[4] Uzzel, D. and Ballantyne, R., 2008. ‘Heritage that Hurts: Interpretation in a postmodern world.’ In: In: Fairclough, G. et al (eds), 2008.  The Heritage Reader. London and New York: Routledge, pp. 502 – 513


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Last week, I had one of those exciting conversations with a colleague, which reminded me of why I’m doing what I’m doing.  This particular colleague doesn’t have a background in heritage, and I was trying to explain to them what I wanted our interpretation to achieve at our site.  In fact, so removed is their experience from working at a heritage site, that I also explained what made our site different from, say, a recreation ground in my view [1]. Afterward, I felt really fired up and passionate, so I thought I’d share with you what we discussed.


Heritage is about people…

My current site is of high regional (Welsh) architectural importance and of low national (British) historical importance.  But that’s not why the community (local and beyond) value it.  To them, the site is entirely of social value: it represents their own social empowerment over many, many years, and it acts as a focal point for community life.  That is why people care about this site.  That is what gives it its sense of place.  Architecture and history are just a bonus.


…and it is people’s values that we need to interpret

We could put together a stunning interpretive programme on architecture, but if that’s what we focussed on we would entirely miss the point.  Our local stakeholders would rightly question our ability to manage the site, and we would send our visitors from further afield away with no understanding at all of why the site is actually important.  Therefore, our interpretation needs to focus on what the community value about the site – see above.


Heritage is about identity…

The town that surrounds my site is one of the most deprived wards in Wales – and it shows.  However, the site itself is stunningly beautiful, and by its sheer physical presence in the centre of town it goes a long way to illustrating who the people of the town are.  It is not just about one particular moment in (historical) time; rather, it is about the entire experience of life that spans the history of the site. Anytime I talk to stakeholders I feel that this is where their passion for the site comes from: the site tells of prior hardships, and of the town folk’s empowerment.  It is this sense of empowerment, and the pride that flows from it, that folk enact every time that they come to the site.


… and interpretation should facilitate this enactment of identity

I should qualify what I’ve just said: it’s not ‘folk’ per se that have this sense of identity associated with the site.  It is the older generation.  Many youngsters have fond memories of spending time in the park, but few – if any – of them benefit from the positive identity that the older generation enact on site.  So while youngsters appreciate the site as a place to hang out in, without further facilitation the site can’t help them develop their own identity as members of this particular community.  I daresay that they cannot make sense of the dilapidated state of their town, and the existence in its centre of a tranquil, and attractive property – nor can they make sense of what the older people are so very proud of.  So this is what I want our interpretation to achieve: to help all members of the community, young and old, to experience this sense of empowerment that has shaped the site and the town over time, and to participate in it.  And in doing so, I hope that our interpretation will inspire young people to carry this empowerment into the future and to contribute to the town’s revival.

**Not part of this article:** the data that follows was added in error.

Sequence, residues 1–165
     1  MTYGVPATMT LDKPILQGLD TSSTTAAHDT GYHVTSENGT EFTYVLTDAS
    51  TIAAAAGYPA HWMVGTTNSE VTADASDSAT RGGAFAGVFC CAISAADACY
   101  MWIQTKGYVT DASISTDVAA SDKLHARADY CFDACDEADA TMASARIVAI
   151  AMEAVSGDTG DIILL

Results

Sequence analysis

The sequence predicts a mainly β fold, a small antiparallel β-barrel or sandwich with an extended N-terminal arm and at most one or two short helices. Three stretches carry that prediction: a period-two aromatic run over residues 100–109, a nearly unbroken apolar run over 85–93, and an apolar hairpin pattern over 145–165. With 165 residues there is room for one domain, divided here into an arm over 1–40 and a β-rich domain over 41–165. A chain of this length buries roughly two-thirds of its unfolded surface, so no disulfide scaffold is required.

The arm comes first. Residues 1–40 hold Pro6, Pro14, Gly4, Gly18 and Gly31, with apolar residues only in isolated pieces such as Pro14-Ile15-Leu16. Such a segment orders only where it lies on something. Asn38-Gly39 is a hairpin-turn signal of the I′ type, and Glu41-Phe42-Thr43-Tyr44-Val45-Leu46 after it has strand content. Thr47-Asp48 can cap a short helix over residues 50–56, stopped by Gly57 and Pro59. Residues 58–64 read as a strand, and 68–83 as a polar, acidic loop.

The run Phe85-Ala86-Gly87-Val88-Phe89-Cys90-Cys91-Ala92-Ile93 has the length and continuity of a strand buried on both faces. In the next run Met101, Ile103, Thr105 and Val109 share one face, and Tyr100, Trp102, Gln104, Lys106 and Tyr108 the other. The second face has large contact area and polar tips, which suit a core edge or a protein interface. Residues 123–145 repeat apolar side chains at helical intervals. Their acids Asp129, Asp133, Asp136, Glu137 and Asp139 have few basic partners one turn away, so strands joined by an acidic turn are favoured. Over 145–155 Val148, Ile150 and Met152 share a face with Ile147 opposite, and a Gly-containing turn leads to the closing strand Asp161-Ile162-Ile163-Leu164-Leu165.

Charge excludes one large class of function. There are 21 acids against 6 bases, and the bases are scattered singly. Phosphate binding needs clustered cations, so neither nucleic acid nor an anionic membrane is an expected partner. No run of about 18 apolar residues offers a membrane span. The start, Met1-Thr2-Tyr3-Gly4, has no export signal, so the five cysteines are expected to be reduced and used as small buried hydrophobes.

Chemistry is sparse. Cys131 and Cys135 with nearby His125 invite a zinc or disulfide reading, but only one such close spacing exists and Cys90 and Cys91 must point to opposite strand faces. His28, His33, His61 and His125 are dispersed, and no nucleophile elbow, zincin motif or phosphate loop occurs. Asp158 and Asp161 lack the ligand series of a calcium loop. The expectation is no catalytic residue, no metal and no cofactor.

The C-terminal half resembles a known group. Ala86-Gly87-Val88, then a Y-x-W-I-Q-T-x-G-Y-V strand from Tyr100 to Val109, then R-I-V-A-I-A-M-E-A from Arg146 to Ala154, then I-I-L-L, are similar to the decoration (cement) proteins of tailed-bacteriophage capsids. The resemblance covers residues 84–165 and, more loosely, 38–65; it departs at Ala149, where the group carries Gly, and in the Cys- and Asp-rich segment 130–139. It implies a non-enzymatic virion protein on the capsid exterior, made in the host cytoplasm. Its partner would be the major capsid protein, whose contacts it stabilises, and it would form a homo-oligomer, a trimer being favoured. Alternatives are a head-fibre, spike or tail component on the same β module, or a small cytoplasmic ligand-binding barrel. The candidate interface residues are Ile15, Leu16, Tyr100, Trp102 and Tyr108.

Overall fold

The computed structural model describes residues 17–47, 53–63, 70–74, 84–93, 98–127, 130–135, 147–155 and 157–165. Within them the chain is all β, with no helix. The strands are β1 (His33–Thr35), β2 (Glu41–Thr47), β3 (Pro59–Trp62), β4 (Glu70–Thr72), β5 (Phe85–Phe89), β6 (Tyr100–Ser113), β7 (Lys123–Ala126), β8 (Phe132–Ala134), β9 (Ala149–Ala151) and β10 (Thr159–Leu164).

Heritage is about passion…

The majority of our stakeholders are truly passionate about our site.  In our case, their passion is primarily centred on a sense of ownership.  The site is theirs, as they continuously state, and of course they’re right.  The sense of ownership is intimately connected to the empowerment that the site represents; the community have shaped the site for over one hundred years. And in my mind, this passion is what it’s all about.  In managing the site as a heritage site, we need to place this passion at the centre of all we do.


… and our interpretation needs to be passionate

I have always been a firm believer in emotion in interpretation, especially if it is emotion that is at the core of the heritage value in question.  So at my current site, it is definitely this passion, this pride in ownership and empowerment that I want our interpretation to inspire.  I want people – local stakeholders and visitor-stakeholders, young and old – to be moved while they engage with the site through interpretation.  Only then will we have done justice to why the site is important.



[1] Of course, this hypothetical recreation ground may have a heritage value also, but for argument’s sake, we imagined it as having no relevance to people whatsoever.